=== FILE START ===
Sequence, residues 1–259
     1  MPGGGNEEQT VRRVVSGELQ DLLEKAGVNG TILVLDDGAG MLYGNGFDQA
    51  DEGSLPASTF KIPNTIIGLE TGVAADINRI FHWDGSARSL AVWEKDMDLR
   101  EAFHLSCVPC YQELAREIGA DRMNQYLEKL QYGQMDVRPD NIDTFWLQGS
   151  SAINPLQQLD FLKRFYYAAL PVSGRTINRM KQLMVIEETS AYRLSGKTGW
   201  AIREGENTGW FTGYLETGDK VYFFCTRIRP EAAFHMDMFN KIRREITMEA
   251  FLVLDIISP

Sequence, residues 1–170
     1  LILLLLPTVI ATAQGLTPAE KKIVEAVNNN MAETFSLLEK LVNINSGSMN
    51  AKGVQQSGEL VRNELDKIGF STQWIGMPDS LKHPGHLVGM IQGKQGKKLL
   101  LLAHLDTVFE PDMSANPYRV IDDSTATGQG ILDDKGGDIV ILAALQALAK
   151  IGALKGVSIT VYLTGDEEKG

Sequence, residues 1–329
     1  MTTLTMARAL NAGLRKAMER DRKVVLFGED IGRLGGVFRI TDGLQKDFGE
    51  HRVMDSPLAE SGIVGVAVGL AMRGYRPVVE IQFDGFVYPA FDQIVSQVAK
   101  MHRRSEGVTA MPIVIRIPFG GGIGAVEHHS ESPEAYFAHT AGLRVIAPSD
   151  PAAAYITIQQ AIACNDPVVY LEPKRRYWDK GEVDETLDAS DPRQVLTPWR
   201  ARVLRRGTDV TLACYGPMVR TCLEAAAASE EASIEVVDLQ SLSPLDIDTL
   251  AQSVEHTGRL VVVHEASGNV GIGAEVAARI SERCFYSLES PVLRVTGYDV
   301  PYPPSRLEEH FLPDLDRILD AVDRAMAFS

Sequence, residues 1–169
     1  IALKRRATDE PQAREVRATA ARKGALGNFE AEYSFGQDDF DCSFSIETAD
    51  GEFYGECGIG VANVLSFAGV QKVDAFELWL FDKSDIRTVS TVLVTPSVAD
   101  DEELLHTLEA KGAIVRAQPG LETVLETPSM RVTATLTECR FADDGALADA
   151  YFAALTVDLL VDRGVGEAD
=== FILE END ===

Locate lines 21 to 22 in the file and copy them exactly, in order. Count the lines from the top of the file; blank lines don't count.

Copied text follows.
Sequence, residues 1–169
     1  IALKRRATDE PQAREVRATA ARKGALGNFE AEYSFGQDDF DCSFSIETAD